“ ‘Be strong and courageous, be not afraid nor dismayed for the king of Assyria, nor for all the multitude that is with him: for there be more with us that with him: With him is an arm of flesh: but with us is the Lord our God to help us, and to fight our battles.’ And the people rested themselves upon the words of Hezekiah king of Judah” (2 Chron. 32:7,8).

And the people rested themselves on the faith of Hezekiah also! (In general, see also Exod. 14:13 — the words of Moses, in a time of comparable deliverance: “Fear ye not, stand still, and see the salvation of the Lord”.)

3. Messianic reference

In general the psalm may be applied to the final but futile attempt in the Last Days to destroy Jerusalem when it has become the city of the great king (Ezek. 38; 39).

Though the earth be removed. “The earth is utterly broken down... clean dissolved... moved exceedingly... ” (Isa 24:10,19-23).

Though the mountains be carried into the midst of the sea. This was achieved figuratively in the first century by the faith of the disciples (Mark 11:23), and will be achieved literally in the days of Messiah’s glory (Isa. 54:10; Psa. 76:1-6; Zech. 14:4,5).
The waters roar. The sea and the waves roaring (Luke 21:25; cp. Psa. 89:9; Jer. 31:35,36). The nations are like a troubled sea which cannot rest (Isa. 57:20,21; cp. Psa. 48:22).
There is a river, the streams whereof shall make glad. The waters of Shiloah (Isa. 8:5-7), or Siloam, remind us of the miracle performed by Christ in conjunction therewith (John 9:1-7). We too have, in a spiritual sense, been born blind. We too have been bidden by Jesus to go and wash in the pool of Siloam. So, washing ourselves in the pool of “the One Sent” (John 9:7), we see — for the first time — the hidden resources of strength and sustenance and protection to be found in the Lord of hosts: Christ, the “river of life” (Gen. 2:10; Rev. 22:1), the river flowing from under God’s throne (Ezek. 47:1-5), “a spring whose blessings never fail”.

And, further, the Kingdom of God will witness “living waters” going forth from Jerusalem, both literal and figurative (Zech. 14:8; Joel 3:18; Isa. 30:25; 33:21; 41:18; 43:19,20; John 7:37), and in Christ himself a “fountain” for the purification of sin and uncleanness (Zech. 13:1).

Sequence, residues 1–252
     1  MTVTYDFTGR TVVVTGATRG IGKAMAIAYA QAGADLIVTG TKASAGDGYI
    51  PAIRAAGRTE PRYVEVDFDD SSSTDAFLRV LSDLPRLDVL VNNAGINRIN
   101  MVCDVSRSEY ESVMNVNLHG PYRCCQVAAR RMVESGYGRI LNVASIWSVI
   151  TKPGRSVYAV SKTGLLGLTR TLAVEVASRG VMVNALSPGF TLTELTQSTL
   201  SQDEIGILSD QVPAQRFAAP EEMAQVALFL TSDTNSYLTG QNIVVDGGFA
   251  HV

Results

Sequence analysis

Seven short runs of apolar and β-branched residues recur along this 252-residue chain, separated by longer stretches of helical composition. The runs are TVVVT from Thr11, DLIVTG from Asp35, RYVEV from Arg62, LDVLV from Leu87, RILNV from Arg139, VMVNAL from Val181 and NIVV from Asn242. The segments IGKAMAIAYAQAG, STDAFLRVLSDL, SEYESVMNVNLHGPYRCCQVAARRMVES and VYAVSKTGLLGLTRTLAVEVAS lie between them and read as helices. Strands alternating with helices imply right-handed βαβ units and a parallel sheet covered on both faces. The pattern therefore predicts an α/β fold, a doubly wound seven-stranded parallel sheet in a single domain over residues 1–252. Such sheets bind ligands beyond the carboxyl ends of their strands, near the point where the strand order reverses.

The holy places of the tabernacles of the most High. The Son of David has not yet established the full glory of his temple in his glorified saints.
She shall not be moved. Quoted in Heb. 12:28, about the “heavenly Jerusalem... the general assembly, and church of the firstborn, which are written in heaven”. What a contrast with v. 6 here.
Come, behold the works of the Lord, what desolations he hath made in the earth. He maketh wars to cease unto the end of the earth: he breaketh the bow, and cutteth the spear in sunder: he burneth the chariot in the fire. A soul-satisfying picture of the final end of all human frightfulness, and of war itself: Isa. 2:4; Ezek. 39:9; Hos. 2:18; Hag. 2:22; Rev. 11:18.
Heathen... the earth (the Land?) — Gentiles and Israel. The evil of men tamed, and God exalted at last.

4. Other details

A very present help. “A well-proved help” (RSV mg.). The word conveys the sense of a readiness to be found (cp. the use of the root word in Isa. 55:6).
Therefore will not we fear, though the earth be removed, and though the mountains be carried into the midst of the sea; though the waters thereof roar and be troubled, though the mountains shake with the swelling thereof. “The Psalmist could see for himself, as others in his place, seas roar and mountains tremble, and yet be still, and know that ‘there is a river, whose streams make glad the city of our God’; and we can echo his words when the sea and the waves roar, and some men fear, and some men doubt and some blaspheme, and we can be still and know ‘that our redemption draweth nigh’ ” (A.D. Norris).
There is a river, the streams whereof shall make glad. Compare Isa. 12:3: “Therefore with joy shall ye draw water out of the wells of salvation.”

Tabernacles. Mishkan is used here of Solomon’s temple. Perhaps the intensive plural is meant, thus referring to “the great tabernacle”.

5. Postscript

Through the sacred pages flow two very different streams. The raging torrent, the seasonal river overflowing its banks, is used by Isaiah as a figure for the advancing Assyrians (Isa. 8:7,8). The waters thereof roar and are troubled; proud billows and lashing waves, lofty as hills, sweep aside mountains in their path (Psa. 46:3). But in their tumultuous course the wild waters come at last against the immovable height of Zion (Psa. 125:1):

“Hitherto shalt thou come, but no further: and here shall thy proud waves be stayed” (Job 38:11).

For here, beneath Zion’s hill, flows another stream which is the secret of her survival. It is not harsh and overpowering; its waters go softly and gently (Isa. 8:6) through the rock-hewn channel of Hezekiah’s conduit (2 Kings 20:20) into the pool of Siloam (John 9:7).

It sustains the lives of thirsty watchmen on Zion’s walls. In its silent, unerring course it speaks of the sure and certain purposes of God. Its whispering waters speak in a still, small voice of the blessings of faith in God.

This is the river of life, the streams whereof make glad the city of God, the holy places of the tabernacles of the Most High. God is in the midst of her; God shall help her. Let us drink of this stream; its quiet waters will restore our souls and bring us inward peace in the midst of stormy trials.

6. Help in the Morning

(“God shall help her when the morning appeareth”: v. 5)

O Thou whose ear is ever bowed
To strains of human care;
Who writest on my darkest cloud
Thy rainbow soft and fair:
When silent grief implores Thy aid,
And begs Thy hand to move,
Let my extremity be made
The chariot of Thy love.

A triumph of Thy loving skill,
I rest upon Thy grace,
Though midnight pains and tears conceal
The glory of Thy face.
Help me to wait till light appears,
And let the morning prove
How false and baseless were my fears,
How faithful is Thy love.

                        William Wileman

Next Next Next